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Treating My Room: Or how I spent my summer... Studio Monitors
Old 6 days ago
  #1
Treating My Room: Or how I spent my summer...

So, I thought I'd share a little photo diary of my efforts to treat my recording and mixing space, a rectangular box of a spare bedroom in our house. I do love it and like many I put way more dollars into gear - I am an avowed gearslut after all - before coming to the realization that all those "invest in room treatment first" replies on a myriad of threads weren't just boilerplate.

Thanks to a lot of the fine folks on this board and others, I eschewed the foam route in favor of acoustic panels. While I realize that what I've done is far from perfect I can say I hear a pronounced improvement or "honesty" in my playback after completing this little journey. My space is 17.5' x 13' with a bump out walk-in closet in the back right of the room as you enter. So, I essentially have only three true corners (coincidentally I also had only three wisdom teeth to be pulled when I was a kid as well - i know, it explains so much). The floor is carpteted with a nice thick pad underneath.

Based on research from what others here have done and youtube, as well as my own budget (those GIK diffusors are gorgeous but not in my price range) and logistical constraints (the wife's not gonna let me float any walls), I came up with 2" Roxul 2' x 4' panels for walls and ceiling and 4" thick versions for my corners. I went with Roxul and after investigating across the interwebs settling on acoustimac for my materials. I costed out Lowes/Home Depot and a variety of other acoustic shops, but for my needs acoustimac was best.

What I loved about them, is that they send you the frames pre-built. Which is a godsend for me. I'm great at demolition and grunt work, but the finer the DIY skill requirements the less I shine. Think Homer Simpson's birdhouse. Mounts, fabric, Roxul, hardware - pretty much everything I needed they had. And priced right. The only downside is the shipping costs related to the Roxul and frames. But based on a special order at Lowes (the only big box in my neighborhood that carried Roxul), it was actually a wash. Acoustimac had way better prices until you factor in the shipping and then it's pretty much the same. But again, the upside of pre-built frames, accessories, etc. won out. The only thing I didn't go with them on was the ceiling mount package. I chose instead to go with anchors and eye hooks vs. their curly Q plastic screw in hook. Didn't feel like they'd be secure enough though I'm sure that's an over reaction.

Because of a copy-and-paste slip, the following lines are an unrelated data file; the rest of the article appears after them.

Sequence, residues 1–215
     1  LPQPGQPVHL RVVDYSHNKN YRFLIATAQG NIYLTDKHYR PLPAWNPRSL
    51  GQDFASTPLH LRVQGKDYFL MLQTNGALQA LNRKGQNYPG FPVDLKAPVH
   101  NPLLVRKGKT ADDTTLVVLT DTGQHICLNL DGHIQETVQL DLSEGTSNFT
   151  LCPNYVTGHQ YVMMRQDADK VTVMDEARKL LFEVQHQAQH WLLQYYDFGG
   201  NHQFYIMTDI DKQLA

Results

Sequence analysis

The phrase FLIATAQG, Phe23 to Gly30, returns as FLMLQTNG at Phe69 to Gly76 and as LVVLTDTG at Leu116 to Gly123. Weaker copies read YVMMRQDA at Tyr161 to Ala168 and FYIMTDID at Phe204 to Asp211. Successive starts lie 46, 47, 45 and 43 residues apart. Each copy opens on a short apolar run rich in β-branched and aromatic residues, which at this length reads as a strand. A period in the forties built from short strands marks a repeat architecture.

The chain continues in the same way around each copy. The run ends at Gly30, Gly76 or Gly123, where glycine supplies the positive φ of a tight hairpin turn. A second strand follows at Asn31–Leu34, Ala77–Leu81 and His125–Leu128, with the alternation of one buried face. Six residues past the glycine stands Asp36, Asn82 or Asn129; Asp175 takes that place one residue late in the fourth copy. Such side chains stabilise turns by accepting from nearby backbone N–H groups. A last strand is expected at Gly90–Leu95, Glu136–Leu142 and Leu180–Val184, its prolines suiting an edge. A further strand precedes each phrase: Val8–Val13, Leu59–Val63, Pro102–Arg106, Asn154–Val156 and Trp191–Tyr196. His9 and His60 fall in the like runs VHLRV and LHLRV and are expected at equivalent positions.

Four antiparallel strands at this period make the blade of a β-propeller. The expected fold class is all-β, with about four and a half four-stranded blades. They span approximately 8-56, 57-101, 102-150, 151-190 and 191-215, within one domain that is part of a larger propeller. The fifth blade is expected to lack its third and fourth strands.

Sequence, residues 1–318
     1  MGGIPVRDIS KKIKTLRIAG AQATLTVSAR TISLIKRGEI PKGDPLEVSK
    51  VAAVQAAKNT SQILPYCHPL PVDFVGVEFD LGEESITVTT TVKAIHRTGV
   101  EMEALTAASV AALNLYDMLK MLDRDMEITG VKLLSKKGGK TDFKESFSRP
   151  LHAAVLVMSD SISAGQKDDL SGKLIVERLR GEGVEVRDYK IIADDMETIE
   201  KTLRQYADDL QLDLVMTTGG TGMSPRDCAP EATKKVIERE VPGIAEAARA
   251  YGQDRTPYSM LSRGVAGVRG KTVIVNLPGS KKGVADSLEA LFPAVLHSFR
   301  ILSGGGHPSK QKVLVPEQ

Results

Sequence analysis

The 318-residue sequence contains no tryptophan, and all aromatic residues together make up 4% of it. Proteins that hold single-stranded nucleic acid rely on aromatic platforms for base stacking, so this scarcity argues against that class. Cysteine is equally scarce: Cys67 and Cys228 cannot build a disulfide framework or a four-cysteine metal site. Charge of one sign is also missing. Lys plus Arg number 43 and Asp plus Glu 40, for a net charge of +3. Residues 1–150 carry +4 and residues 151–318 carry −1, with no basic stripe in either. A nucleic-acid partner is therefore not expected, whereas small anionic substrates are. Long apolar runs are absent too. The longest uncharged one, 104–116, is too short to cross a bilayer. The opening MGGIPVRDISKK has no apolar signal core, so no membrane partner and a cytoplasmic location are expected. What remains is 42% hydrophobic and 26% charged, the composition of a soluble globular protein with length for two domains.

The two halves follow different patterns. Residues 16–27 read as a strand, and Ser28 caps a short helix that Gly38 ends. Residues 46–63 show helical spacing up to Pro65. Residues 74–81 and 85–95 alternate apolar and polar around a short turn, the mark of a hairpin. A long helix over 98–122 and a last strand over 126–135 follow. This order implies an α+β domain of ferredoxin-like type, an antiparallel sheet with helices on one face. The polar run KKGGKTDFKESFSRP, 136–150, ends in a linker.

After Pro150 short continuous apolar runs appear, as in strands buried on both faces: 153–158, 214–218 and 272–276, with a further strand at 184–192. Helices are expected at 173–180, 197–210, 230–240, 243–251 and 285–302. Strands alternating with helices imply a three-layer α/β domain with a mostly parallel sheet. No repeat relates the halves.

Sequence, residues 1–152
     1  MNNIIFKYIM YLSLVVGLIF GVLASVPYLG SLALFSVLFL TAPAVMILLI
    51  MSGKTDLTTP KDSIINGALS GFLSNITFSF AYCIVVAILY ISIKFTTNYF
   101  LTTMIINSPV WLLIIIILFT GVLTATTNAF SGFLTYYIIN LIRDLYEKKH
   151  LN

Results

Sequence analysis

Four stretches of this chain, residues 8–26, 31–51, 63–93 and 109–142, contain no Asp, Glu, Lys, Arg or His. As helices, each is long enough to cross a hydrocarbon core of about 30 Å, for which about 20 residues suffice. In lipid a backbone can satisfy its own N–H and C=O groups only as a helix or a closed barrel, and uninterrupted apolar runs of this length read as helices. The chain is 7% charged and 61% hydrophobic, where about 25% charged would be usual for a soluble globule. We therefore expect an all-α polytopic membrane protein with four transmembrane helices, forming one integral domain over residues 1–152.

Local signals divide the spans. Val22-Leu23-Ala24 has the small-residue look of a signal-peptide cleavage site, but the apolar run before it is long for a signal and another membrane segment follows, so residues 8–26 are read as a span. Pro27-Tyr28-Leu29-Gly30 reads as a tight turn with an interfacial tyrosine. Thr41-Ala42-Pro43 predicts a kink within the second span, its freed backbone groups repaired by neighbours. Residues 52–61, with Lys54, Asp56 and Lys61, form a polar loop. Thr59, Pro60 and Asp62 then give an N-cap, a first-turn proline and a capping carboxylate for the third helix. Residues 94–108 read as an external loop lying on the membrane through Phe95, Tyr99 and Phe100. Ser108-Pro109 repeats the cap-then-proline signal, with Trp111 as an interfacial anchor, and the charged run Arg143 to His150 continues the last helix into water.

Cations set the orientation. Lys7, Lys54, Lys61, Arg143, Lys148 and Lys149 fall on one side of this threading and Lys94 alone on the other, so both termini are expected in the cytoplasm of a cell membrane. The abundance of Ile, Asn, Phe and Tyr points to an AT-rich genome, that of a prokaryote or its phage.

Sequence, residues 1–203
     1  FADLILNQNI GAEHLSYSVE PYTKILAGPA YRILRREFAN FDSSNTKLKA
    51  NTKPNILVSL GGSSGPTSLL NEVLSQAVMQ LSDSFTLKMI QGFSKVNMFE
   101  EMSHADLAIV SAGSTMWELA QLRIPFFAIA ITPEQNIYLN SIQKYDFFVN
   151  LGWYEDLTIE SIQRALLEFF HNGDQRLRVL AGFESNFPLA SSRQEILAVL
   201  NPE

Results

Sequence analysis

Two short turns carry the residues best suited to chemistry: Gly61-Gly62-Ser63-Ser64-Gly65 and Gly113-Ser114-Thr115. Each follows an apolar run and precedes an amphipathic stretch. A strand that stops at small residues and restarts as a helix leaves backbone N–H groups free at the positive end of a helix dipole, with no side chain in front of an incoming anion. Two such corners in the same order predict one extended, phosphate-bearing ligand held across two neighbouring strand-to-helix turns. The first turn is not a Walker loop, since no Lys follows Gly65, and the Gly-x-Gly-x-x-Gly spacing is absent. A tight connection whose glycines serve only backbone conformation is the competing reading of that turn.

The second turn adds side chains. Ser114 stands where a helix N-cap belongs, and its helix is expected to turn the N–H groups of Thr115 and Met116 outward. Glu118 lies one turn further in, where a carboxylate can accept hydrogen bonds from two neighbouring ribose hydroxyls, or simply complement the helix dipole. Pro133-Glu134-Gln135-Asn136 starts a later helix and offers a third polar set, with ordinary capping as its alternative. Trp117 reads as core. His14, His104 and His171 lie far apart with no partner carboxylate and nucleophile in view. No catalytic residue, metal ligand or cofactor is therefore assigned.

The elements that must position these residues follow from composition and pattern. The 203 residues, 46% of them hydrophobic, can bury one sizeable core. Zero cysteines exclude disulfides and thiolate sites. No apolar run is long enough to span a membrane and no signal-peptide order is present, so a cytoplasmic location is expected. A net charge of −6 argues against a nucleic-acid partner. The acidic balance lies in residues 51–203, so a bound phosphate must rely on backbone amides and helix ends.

Putting the panels together was a breeze, but you'll need a good amount of room if you're working with 12 2' x 4' panels. A staple gun is your best friend but it's as straight forward an operation as you could hope for. The only thing i do wish they'd do is to make the frames slightly bigger to allow for the quarter inch or so wood used to create the frames. You're left with more Roxul than frame and it's a bit tricky to smoosh it down. Most of my panels are little bulgy on the right side. But no real biggie and definitely not an eyesore or in any way a compromiser of absorption.

The mounting clips for the non-ceiling or corner panels are easy peasey. They come with a wall cleat that you hammer in place. It has a lip that the matching mount screwed into the panel locks into. The "Z" clip is the same concept for corners. They come with mounting screws and I added drywall anchors for added strength as the four-inch panels are pretty beefy. I placed four panels directly above my mix position/desk. It required a bit more eyeballing to get right as the walls perpendicularity to my ceiling are not always true. Also, as a one-man operation, it's not a lot of fun attaching in place. But using the heavy duty eye hooks with dry wall anchors was definitely a good way to go. At least for me.

I'll share the pics in the next couple of posts. What I would like are any specs or ideas for a "mobile" panel, a la a gobo that I could use for back wall reflections. The closet again kind of eliminated any chance treat that part of my space. But again, really happy with my investment and I can honestly say to newbies or fellow recalcitrants like me, "invest in treating your room first. Especially, if you're looking to blow major dough on monitors."
Wheels